This prospective cohort study reports that transfusion of cytomegalovirus-seronegative and leukoreduced blood products effectively prevents transmission of cytomegalovirus to very low-birth-weight infants.
This review provides an overview of measles, including information on virus basics, clinical picture and diagnosis, complications, vaccine efficacy, and vaccine complications.
This simulation study using a mathematical model of pertussis transmission assesses whether a priming dose of whole-cell pertussis vaccine is cost-effective at reducing pertussis infection in infants.
Fritz and coauthors conclude that methicillin-resistant Staphylococcus aureus (MRSA) strains concordant with infecting and colonizing strains are present on commonly handled household surfaces, a factor that likely perpetuates MRSA transmission and recurrent disease. See editorial by Milstone.
This cross-sectional study uses survey data to describe differences between virologically suppressed and virologically detectable HIV-infected young men who have sex with men and to identify correlates of condomless anal intercourse.
This serial cross-sectional survey determined that no structural changes, as measured in this study, were observed to be associated with a statistically significant reduction in risk behaviors.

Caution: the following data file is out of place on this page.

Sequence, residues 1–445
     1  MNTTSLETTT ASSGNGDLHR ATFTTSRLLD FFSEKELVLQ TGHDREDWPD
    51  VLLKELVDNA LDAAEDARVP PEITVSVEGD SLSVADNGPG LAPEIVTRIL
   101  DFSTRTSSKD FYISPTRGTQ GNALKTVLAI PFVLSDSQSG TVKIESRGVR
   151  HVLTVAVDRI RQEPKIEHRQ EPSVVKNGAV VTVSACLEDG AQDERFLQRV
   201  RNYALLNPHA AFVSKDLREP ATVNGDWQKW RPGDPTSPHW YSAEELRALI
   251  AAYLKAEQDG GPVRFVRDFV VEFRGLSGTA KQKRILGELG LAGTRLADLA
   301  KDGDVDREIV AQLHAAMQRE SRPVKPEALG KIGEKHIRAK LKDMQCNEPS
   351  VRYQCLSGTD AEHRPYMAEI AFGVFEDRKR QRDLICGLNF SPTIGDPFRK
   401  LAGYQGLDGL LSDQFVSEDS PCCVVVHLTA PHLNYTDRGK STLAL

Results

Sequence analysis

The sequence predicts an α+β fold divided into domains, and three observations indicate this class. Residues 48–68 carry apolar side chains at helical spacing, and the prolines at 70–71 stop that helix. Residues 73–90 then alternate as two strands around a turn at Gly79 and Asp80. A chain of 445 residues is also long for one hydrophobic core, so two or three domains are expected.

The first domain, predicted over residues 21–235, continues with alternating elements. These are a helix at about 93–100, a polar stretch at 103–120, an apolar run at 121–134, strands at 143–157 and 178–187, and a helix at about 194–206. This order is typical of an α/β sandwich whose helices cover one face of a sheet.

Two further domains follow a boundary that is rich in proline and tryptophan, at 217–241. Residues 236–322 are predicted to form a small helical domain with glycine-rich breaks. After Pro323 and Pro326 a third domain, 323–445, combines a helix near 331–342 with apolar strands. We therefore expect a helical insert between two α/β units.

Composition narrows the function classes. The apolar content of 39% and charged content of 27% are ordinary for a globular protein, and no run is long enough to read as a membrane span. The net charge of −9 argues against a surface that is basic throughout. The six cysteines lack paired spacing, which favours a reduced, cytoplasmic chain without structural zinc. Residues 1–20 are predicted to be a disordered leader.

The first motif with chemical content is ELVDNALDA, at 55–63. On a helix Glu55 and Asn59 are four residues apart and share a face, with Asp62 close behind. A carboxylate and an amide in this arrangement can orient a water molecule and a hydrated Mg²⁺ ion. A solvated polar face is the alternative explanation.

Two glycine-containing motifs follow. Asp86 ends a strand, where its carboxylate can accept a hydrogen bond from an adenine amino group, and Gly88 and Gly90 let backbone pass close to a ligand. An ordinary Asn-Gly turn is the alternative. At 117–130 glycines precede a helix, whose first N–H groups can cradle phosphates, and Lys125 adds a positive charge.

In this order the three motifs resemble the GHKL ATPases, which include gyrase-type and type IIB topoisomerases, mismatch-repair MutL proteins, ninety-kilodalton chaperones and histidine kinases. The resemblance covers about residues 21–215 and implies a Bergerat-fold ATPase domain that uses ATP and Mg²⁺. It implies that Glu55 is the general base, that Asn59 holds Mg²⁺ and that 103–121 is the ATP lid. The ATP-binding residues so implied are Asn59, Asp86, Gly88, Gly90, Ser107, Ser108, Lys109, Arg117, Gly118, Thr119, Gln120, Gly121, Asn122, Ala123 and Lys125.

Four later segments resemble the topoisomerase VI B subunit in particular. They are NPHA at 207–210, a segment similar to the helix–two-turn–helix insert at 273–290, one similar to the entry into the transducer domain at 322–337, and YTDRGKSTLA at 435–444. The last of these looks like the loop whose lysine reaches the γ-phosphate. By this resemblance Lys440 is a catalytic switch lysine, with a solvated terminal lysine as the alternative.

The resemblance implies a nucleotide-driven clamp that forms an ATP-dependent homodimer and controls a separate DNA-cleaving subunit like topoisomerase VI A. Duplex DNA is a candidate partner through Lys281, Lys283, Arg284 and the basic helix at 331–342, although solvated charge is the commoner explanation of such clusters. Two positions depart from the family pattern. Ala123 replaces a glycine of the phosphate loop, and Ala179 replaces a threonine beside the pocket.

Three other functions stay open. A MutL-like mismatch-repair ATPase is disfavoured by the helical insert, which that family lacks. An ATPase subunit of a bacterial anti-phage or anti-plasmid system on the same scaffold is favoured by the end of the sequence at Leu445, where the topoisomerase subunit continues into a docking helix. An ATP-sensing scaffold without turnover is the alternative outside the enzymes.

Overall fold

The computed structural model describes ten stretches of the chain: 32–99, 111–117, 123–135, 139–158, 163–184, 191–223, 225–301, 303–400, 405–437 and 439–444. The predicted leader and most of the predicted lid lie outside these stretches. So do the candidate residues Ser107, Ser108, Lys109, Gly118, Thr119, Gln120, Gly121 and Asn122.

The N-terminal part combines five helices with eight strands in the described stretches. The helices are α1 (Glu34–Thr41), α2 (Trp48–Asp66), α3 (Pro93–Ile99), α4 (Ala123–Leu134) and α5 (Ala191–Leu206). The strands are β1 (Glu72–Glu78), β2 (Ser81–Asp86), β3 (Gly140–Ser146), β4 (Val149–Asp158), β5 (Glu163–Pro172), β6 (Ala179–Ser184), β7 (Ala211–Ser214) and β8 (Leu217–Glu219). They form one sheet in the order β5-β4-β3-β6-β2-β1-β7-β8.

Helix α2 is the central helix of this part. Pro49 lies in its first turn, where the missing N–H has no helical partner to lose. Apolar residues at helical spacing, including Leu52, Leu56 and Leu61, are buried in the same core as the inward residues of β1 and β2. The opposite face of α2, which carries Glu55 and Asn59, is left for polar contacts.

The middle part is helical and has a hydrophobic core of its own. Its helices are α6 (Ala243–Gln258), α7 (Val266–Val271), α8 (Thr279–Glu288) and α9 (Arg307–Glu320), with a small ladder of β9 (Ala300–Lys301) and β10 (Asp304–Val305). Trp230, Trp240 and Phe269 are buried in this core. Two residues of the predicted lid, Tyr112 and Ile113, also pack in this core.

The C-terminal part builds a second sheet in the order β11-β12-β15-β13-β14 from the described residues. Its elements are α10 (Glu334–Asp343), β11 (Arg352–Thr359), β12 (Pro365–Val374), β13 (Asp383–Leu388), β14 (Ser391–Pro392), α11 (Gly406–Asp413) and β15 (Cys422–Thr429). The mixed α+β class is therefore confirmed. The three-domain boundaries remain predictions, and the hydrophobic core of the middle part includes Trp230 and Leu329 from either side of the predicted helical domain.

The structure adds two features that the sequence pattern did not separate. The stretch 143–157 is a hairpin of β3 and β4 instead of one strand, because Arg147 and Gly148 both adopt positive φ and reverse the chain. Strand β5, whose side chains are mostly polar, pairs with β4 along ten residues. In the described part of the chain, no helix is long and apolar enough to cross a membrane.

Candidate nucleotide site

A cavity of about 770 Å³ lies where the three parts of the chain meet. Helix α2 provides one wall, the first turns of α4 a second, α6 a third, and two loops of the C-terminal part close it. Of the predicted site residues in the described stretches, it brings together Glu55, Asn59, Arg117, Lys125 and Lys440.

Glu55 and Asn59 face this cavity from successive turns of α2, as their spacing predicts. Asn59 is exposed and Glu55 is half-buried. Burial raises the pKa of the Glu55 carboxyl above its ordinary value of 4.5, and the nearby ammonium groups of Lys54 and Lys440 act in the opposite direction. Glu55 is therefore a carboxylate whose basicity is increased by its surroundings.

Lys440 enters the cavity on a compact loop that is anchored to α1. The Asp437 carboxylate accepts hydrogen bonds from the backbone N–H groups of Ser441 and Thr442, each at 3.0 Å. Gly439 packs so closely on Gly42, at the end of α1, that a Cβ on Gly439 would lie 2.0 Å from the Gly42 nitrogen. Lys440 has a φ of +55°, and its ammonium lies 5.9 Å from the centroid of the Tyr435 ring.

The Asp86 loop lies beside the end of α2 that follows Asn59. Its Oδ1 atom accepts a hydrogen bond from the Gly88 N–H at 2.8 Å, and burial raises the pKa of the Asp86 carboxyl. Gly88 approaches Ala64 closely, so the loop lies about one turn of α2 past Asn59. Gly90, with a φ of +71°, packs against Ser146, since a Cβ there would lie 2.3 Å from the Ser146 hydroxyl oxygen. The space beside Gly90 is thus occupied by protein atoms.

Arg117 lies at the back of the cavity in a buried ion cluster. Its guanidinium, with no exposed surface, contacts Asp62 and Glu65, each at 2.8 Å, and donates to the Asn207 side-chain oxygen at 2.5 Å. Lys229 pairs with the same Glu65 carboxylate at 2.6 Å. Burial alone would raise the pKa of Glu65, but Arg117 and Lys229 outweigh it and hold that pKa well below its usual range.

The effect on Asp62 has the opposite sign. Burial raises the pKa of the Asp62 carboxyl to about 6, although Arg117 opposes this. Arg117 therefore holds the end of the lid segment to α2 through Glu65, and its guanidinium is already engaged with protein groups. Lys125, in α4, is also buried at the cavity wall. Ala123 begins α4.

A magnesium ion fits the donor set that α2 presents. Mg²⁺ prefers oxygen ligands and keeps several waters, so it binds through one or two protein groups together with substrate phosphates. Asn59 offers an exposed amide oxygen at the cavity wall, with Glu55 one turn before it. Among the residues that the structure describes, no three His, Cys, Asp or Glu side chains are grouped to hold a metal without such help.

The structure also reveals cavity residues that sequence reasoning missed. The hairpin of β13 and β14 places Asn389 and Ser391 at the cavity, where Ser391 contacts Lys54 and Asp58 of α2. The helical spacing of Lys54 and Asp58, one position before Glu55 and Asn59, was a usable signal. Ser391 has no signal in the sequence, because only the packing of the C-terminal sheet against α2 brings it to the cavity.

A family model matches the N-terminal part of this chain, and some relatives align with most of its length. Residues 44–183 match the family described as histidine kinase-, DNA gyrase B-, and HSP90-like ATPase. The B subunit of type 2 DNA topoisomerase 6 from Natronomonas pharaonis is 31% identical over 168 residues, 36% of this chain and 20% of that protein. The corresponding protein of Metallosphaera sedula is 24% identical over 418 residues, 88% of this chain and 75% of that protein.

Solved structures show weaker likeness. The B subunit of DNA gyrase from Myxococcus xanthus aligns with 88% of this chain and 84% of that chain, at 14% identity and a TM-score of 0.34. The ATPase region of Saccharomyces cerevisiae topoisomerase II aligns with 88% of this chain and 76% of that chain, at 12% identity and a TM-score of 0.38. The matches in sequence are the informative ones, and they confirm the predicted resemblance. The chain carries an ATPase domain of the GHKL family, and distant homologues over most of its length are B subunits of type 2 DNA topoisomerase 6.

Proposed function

This Viewpoint discusses what pediatric health care professionals should consider when treating children presenting with signs and symptoms similar to Ebola virus disease.
Papania and coauthors review the evidence for sustained elimination of endemic measles, rubella, and congenital rubella syndrome from the United States through 2011. See the editorial by Grabowsky.
This cohort study evaluates the trend of antibiotic use in very low-birth-weight infants across Canada and the association between antibiotic use rates and mortality and morbidity among neonates without culture-proven sepsis or necrotizing enterocolitis.
This study evaluates the tetanus toxoid, reduced diphtheria toxoid, and acellular pertussis vaccine’s effect over time among adolescents 11 to 18 years old and accounts for the transition from whole-cell to acellular pertussis vaccines for the childhood primary series.